As regards the real estate sector, vertical farming requires specially designed and built properties with specific technical and technological characteristics capable of guaranteeing the maintenance of a constant or adjustable temperature and air humidity control through an insulated building envelope.
Of course, there are still some aspects that need to be fine-tuned to allow this type of cultivation to become systematically established, such as their high electricity consumption or proper land-use planning, but there are already examples of good practice in this regard both in East Asia and in Europe. In Germany for example, the Berlin-based company infarm operates a vertical farming network across a total of 11 countries. In Germany, infarm has three large farms in Berlin-Spandau, Hanover-Langenhagen and Pfungstadt. The company’s growth targets are ambitious: by 2030, infarm intends to be operating 100 growing centres in 20 countries.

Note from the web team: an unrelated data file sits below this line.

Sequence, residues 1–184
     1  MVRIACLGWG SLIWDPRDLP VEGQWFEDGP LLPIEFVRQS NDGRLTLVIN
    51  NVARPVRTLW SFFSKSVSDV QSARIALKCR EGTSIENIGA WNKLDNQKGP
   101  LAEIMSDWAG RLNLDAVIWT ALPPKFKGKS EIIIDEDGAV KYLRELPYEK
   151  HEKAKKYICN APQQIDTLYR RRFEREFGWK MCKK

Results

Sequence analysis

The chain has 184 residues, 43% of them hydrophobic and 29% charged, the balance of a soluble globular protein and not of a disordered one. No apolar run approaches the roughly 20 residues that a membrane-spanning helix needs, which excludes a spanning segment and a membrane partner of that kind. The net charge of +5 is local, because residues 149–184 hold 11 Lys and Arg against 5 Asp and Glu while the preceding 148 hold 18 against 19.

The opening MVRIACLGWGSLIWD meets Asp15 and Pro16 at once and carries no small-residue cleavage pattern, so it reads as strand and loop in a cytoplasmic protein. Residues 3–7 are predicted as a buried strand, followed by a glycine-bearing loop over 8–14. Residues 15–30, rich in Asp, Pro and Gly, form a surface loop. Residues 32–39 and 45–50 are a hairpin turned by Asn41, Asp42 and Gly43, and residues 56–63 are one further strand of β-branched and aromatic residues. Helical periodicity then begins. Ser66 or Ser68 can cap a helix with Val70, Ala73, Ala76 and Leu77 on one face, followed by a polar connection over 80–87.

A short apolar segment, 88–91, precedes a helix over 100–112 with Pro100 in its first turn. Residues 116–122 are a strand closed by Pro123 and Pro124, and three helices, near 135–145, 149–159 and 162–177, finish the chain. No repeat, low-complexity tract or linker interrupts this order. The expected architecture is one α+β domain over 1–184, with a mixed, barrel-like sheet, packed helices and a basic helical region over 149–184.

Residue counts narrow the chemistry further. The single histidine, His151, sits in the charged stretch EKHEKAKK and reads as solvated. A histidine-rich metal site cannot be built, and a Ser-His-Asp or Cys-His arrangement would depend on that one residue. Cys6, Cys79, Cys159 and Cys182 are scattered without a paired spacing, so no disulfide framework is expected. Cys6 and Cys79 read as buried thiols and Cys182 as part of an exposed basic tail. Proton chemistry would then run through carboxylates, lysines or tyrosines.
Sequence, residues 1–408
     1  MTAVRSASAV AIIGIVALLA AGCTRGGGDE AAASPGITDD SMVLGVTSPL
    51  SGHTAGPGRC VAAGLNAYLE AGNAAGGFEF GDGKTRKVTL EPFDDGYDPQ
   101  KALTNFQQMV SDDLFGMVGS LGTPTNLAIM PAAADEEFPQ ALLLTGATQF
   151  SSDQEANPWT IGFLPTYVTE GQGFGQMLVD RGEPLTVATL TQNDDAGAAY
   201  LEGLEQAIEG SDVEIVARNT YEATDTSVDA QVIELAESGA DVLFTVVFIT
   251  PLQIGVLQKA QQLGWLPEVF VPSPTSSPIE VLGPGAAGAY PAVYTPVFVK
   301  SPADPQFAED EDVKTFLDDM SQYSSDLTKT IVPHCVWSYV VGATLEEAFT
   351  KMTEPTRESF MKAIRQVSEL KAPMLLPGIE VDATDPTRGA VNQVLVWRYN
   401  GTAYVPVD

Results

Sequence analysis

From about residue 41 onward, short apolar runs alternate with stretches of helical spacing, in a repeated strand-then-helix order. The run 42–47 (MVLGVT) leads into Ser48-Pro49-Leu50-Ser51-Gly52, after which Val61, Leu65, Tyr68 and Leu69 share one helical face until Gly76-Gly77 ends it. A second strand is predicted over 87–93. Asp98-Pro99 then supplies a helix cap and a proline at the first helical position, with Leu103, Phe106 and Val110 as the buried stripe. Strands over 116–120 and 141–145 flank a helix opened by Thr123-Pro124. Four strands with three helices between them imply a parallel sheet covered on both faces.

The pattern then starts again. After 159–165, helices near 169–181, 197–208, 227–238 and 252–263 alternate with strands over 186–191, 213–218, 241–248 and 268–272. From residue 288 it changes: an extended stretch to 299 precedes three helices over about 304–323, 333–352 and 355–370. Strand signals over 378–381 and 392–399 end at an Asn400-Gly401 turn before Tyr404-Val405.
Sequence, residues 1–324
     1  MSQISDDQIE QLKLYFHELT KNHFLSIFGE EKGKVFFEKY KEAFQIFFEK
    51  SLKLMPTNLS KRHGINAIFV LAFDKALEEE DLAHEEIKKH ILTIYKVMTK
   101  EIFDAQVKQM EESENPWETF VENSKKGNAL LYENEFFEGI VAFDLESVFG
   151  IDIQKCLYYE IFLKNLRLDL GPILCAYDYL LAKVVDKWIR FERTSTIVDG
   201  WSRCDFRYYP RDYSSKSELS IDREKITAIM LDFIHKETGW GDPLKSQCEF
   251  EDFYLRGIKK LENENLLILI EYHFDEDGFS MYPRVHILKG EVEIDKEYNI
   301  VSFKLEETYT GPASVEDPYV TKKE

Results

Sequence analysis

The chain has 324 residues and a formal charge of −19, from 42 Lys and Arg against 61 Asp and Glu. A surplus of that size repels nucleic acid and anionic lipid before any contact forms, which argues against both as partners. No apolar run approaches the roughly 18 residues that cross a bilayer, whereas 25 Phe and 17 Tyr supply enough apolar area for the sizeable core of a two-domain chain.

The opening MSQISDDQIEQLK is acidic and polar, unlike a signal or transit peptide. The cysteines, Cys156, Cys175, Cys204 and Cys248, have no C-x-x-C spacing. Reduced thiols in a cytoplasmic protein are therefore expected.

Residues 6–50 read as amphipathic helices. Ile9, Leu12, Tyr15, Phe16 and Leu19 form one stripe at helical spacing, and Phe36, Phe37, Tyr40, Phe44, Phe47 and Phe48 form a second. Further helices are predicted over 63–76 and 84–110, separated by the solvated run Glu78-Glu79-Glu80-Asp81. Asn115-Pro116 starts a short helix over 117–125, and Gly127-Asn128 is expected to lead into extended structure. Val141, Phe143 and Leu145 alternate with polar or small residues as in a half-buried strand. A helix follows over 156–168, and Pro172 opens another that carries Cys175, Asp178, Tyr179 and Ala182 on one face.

The real estate sector is an important player and collaborator in the future development of the sector. For long-term and innovative investors who have the courage to look at a wider sector mix in their respective portfolios, this type of property becomes an interesting alternative to traditional asset classes. There are interesting investment opportunities in the case of warehouses which are no longer suitable for logistic use due to their layout but which could be converted for industrial food production. Current yields are estimated in a range between 4% and 5%, which is slightly higher than those currently paid for classic logistic properties.